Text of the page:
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Definition:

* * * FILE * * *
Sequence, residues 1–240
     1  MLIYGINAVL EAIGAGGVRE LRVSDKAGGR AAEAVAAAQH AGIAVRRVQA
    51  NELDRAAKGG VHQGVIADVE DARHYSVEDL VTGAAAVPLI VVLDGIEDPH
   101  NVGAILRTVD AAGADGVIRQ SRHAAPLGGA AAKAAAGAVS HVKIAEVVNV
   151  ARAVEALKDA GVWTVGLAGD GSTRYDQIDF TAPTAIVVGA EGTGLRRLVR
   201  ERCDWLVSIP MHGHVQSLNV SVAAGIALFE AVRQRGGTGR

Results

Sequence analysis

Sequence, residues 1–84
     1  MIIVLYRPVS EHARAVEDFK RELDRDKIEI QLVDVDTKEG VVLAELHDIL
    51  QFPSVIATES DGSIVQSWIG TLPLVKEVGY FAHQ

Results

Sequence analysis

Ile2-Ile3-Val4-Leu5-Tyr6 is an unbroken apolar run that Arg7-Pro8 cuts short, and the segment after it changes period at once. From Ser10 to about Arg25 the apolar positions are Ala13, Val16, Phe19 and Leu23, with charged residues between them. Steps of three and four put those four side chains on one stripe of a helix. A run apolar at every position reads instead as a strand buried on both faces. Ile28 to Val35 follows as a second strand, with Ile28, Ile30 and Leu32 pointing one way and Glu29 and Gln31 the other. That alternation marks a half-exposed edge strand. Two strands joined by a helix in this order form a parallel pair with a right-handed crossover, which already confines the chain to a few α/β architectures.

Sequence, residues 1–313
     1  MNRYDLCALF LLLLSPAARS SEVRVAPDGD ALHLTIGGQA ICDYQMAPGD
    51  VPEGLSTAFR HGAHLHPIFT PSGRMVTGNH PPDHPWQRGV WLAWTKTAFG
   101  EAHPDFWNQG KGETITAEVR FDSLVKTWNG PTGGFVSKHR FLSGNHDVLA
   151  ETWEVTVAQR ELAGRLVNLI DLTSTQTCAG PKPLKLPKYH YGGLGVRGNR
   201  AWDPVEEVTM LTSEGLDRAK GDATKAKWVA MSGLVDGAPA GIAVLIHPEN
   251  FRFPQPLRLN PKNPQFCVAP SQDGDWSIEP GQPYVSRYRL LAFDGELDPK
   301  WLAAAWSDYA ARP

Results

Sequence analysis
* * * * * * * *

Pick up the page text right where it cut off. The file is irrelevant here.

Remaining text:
The Loi cadre was a law passed in 1956 by the French National Assembly which provided for universal adult suffrage for all African subjects in French colonies. The law ostensibly gave control over economic development, internal and international defense, and foreign policy to the French government, but allowed self-autonomy over other matters. Félix Houphouët-Boigny, of Côte d'Ivoire, who was the president of the Rassemblement Démocratique Africain (RDA, African Democratic Rally) was very influential in getting the law passed. It was, however, oppised by other prominent African leaders, including Léopold Senghor (Senegal) and Sékou Touré (Guinea).

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